Fairness refers to the perceived justness and equitableness of the process and outcome of the change. Lack of procedural fairness was mentioned by both frontline providers and middle managers, who stated they were not consulted on matters related to the change that directly impacted their work:
When Health Links was introduced, we were not involved in the planning at all. It was more of a ‘we’re doing Health Links’ and that was the end of the conversation. – Frontline provider
There was a lot of talk about Health Links coming, but I was not invited to be involved in any of the planning … There was a lot of stuff I had questions about and [their expectations for me] weren’t clear so that made things even more confusing. – Frontline provider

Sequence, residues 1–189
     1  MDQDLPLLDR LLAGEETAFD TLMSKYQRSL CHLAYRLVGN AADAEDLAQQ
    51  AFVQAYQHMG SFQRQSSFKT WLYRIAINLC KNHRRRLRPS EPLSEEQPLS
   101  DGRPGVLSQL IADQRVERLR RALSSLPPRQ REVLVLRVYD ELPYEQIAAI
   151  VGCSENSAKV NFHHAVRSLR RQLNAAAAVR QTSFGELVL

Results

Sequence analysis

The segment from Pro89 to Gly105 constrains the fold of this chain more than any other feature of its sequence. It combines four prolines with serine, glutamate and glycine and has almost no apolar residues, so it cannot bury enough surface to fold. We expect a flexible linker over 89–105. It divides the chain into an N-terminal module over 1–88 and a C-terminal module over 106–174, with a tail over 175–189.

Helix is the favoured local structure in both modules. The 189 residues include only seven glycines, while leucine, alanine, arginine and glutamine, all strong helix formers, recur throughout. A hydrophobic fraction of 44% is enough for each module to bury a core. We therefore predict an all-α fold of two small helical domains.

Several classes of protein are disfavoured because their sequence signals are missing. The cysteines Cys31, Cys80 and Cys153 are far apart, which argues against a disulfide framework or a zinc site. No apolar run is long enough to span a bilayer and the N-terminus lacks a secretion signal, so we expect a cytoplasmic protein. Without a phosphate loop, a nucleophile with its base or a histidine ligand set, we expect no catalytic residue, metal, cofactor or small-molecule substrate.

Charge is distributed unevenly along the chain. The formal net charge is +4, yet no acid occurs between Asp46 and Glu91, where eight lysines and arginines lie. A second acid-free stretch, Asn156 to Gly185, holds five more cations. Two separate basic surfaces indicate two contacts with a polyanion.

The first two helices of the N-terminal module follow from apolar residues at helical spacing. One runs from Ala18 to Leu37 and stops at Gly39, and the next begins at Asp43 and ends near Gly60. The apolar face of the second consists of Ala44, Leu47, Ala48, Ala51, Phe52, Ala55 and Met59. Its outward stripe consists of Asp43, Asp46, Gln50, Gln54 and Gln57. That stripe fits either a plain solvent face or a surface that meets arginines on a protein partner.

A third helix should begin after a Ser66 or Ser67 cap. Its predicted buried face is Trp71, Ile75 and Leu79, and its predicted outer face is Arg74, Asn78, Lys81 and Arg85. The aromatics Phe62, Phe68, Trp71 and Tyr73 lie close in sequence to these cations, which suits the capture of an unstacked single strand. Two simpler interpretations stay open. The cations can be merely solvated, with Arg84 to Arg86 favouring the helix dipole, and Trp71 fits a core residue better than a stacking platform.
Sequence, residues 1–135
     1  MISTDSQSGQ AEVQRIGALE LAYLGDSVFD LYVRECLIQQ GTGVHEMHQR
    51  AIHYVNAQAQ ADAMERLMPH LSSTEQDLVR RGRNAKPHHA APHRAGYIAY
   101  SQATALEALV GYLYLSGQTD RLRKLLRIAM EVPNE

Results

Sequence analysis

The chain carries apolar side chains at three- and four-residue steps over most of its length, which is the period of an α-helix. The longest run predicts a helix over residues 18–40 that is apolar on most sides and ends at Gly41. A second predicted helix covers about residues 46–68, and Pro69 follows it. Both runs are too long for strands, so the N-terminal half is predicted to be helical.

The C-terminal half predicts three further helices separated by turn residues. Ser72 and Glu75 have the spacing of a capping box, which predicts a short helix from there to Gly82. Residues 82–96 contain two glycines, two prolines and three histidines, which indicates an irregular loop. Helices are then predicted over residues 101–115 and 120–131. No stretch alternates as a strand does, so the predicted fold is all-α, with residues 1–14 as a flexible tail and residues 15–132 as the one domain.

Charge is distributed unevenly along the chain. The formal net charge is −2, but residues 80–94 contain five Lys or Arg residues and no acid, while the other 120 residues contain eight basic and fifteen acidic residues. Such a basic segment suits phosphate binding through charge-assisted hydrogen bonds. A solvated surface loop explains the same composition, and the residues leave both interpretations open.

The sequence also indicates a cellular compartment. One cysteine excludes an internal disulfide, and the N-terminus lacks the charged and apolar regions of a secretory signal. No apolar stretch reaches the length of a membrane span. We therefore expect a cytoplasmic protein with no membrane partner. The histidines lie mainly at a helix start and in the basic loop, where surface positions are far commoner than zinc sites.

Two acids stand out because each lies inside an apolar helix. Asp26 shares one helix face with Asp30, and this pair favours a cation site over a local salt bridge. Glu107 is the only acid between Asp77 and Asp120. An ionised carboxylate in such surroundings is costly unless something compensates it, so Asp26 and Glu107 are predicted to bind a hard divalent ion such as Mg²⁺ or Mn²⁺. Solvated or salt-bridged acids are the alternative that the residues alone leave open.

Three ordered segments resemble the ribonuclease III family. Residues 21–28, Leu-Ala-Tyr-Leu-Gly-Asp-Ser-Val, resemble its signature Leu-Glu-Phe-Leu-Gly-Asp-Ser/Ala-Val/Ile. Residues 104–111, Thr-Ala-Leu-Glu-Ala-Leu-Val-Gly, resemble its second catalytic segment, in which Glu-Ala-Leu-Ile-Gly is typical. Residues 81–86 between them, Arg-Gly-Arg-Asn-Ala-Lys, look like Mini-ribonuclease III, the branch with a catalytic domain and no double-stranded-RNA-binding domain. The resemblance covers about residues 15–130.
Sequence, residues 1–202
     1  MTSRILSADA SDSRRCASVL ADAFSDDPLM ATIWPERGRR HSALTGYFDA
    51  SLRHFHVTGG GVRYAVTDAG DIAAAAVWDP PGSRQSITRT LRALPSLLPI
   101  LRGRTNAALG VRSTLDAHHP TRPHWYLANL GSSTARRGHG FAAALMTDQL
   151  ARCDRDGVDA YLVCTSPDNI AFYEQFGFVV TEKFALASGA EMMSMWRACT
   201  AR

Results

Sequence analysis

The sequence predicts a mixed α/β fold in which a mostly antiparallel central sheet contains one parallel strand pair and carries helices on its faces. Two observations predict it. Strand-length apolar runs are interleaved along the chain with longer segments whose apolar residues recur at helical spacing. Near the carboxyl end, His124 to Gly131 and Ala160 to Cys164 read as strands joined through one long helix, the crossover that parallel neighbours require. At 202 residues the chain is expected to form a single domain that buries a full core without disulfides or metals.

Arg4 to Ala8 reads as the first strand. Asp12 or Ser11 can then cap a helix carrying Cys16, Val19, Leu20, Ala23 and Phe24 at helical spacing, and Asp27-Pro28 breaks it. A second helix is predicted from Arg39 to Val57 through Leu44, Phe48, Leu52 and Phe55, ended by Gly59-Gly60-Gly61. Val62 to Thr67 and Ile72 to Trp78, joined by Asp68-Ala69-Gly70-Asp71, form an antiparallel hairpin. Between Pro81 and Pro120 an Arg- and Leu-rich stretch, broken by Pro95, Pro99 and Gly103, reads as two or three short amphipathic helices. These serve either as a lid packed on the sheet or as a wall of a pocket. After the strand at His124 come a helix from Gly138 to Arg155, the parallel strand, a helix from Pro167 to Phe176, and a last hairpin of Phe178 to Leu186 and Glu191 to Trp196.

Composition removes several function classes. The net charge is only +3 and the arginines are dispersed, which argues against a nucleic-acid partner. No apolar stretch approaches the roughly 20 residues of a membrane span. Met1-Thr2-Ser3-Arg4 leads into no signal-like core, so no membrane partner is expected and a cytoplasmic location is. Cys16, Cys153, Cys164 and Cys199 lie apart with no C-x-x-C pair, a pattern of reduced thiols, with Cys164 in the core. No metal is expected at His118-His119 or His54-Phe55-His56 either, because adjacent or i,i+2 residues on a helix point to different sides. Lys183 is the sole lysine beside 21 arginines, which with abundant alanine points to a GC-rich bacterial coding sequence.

Frontline providers and middle managers also mentioned lack of outcome or distributive fairness, typically in reference to disparities in training and administrative resource allocations. Perceptions of training disparities were associated with the amount and quality of training offered. At the regional meeting that we observed, a frontline provider said, “I know that some sites are receiving training that we didn’t even know was available to us. We’re supposed to be in this together, but we’re not. It’s hard to go through the fog when we’ve got mud in our eyes.” Another frontline provider stated in interview that the individuals who were supposed to provide training “went around and visited all the sites to provide a bit of training on Health Links. They kept rescheduling our training and when they did come in, it was not even 15 minutes, when I know they spent a lot more time at the Lead Site.” Consistently with disparities in training, one middle manager told us that she participated in a lengthy Health Links training program, while other managers did not: